By the time I was in my mid-teens, I was trying to reconcile Catholicism, constitutional law, and the compacts that need to exist to keep us together as a stable society. I was also trying to understand the more extreme ‘my country – love it or leave it’ attitudes that so many of my friends’ parents, and the politicians that my parents supported, seemed to have. It was during this period that my unease about the Pledge took root.
The first concerns that I really paid attention to came from friends that were either Jehovah’s Witnesses or identified as Fundamentalist Christian. They felt that being compelled to recite the Pledge was a violation of their religious freedoms because it caused them to break the First Commandment by putting Country ahead of God. But somewhere around that time, I also began to realize that compelling anyone to recite the Pledge of Allegiance, particularly schoolchildren, was not very far removed at all from the Nationalist fervor of the Nazis, or of the ‘Godless Communist’ indoctrination that we wanted so badly to separate ourselves from. I love my country, I don’t think anywhere else is a better place to be, and I support our active military & our veterans, but I don’t recite the Pledge when I am in a situation where it is recited. I do stand at attention out of respect for our country, and for my fellow citizens, though.
Rather than the anticipated knee-jerk ‘you are even more far gone than I thought’ responses, I’m hoping that I can spur some genuine reflection. And a serious discussion of what the Pledge really means to you. Because, admit it, as kids we gave it no thought, and as adults we are seldom in a situation where it’s recited & when it is, we recite the words from memory and sit back down, without giving it another thought. And if you display the flag – are you following the flag code in how to display it? It seems to me that in the post-9/11 world we inhabit, many people display the flag in inappropriate ways – and yet I’m sure that they would find my views on the Pledge to be highly disrespectful, if not treasonous. And, for my more religious family and friends, if you do feel that pledging allegiance to the flag is meaningful & important, how does it fit in with your understanding of the First Commandment?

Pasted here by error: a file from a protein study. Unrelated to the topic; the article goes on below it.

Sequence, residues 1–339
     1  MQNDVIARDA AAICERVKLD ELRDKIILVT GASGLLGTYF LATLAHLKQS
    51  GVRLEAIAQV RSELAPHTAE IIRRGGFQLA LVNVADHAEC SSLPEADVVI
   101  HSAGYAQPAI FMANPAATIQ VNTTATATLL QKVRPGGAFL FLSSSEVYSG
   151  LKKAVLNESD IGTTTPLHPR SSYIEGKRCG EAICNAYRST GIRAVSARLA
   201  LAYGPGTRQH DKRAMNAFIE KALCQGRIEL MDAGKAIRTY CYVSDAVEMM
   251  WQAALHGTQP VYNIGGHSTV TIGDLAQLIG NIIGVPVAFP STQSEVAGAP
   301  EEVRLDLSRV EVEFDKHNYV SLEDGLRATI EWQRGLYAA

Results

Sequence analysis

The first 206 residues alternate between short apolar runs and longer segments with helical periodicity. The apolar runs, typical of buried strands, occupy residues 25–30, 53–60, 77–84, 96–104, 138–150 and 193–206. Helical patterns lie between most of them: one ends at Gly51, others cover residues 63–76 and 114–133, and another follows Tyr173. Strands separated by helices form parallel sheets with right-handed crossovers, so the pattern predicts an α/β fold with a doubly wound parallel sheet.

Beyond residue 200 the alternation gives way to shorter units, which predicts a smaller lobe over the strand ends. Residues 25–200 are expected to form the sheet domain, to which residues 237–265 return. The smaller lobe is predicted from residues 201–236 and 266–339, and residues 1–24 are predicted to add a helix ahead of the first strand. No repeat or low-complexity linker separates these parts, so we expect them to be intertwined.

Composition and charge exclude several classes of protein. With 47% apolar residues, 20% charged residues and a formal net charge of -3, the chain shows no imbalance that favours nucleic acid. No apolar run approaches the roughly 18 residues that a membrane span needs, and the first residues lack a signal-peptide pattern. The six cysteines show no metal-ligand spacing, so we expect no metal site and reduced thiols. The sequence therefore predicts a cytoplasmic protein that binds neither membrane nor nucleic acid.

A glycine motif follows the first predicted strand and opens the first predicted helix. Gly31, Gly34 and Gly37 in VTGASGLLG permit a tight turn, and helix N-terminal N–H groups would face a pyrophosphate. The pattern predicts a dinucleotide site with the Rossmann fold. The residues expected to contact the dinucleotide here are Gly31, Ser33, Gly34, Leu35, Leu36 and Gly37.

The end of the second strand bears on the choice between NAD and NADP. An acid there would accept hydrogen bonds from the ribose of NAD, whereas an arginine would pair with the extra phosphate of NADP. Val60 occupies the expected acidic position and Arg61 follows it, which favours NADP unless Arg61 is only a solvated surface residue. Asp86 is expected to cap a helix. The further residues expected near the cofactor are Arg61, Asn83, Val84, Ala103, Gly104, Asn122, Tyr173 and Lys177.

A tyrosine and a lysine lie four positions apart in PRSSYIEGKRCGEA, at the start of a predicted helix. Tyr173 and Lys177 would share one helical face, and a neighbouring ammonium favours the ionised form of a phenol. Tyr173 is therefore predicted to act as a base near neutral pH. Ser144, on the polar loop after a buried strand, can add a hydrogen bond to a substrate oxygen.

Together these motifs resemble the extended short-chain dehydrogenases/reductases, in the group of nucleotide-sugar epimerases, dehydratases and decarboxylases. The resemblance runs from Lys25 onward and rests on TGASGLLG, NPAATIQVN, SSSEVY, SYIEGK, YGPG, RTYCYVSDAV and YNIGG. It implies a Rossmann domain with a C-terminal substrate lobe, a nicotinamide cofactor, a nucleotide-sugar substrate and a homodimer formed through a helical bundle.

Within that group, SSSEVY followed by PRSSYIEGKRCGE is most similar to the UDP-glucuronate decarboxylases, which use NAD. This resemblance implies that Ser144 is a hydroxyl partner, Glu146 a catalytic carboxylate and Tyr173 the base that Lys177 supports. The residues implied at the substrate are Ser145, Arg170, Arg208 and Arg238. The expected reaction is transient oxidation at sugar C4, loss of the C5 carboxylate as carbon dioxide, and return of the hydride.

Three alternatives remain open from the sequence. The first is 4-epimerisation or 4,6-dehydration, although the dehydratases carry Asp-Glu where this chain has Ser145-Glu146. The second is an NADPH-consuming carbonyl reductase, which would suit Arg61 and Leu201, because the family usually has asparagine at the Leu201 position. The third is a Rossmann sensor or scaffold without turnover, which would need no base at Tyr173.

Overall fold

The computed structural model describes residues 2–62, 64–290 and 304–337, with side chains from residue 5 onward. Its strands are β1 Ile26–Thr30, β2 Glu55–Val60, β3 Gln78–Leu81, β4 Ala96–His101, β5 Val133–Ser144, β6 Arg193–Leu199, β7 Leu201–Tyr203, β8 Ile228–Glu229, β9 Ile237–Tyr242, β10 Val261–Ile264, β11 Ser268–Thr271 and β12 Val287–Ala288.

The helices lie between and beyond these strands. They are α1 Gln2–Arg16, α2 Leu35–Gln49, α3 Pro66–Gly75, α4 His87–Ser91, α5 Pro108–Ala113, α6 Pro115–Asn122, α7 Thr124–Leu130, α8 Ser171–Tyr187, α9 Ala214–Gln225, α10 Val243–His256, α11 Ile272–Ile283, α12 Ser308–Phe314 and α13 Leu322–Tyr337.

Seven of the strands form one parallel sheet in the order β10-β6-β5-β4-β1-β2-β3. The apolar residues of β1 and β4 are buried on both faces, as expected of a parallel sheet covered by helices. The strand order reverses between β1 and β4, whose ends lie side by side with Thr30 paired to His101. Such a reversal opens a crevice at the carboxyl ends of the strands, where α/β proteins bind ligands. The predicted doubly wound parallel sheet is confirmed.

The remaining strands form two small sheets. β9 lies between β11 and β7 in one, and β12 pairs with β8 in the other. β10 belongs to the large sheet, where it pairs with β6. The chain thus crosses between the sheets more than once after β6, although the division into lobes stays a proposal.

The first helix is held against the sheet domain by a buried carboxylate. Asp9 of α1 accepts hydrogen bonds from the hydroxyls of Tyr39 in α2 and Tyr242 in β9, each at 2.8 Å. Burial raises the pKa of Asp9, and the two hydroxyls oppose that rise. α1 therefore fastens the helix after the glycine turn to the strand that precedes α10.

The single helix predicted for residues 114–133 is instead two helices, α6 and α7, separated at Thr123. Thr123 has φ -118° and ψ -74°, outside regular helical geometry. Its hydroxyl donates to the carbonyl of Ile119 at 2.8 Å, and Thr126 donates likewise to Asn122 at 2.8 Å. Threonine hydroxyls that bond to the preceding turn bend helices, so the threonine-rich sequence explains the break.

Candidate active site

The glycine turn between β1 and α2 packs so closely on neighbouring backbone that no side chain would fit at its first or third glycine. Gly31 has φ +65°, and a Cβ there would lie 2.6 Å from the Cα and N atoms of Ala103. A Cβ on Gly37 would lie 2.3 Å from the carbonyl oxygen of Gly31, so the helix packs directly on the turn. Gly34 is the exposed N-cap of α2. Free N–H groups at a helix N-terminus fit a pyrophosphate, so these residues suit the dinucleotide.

Okay, so I’d set a date to start my blog, and not surprisingly to anyone that knows me, I’ve come up empty (sort of). But not wanting to break a commitment to myself, please bear with me as a lay some groundwork.
As I begin my journey into the vast unknown of the blogoshere, on a day with with no deep insights to share, it occurred to me that some focus was in order. And perhaps a reminder to myself to not get caught up in frenzied hyperbole that seems to dominate so much everywhere these days. I want to share my ideas and opinions – not bludgeon anyone with them. And I’d like anyone reading to share theirs, but without the insults and hostility that pervades much of the internet these days.
My commitment to myself, and to my readers, is to keep the rules contained in the meme below always in mind. I’m human, and I will almost certainly slip occasionally, and when I do accept my advance apologies & please call me out on it. My hope is that anyone reading these posts will do the same.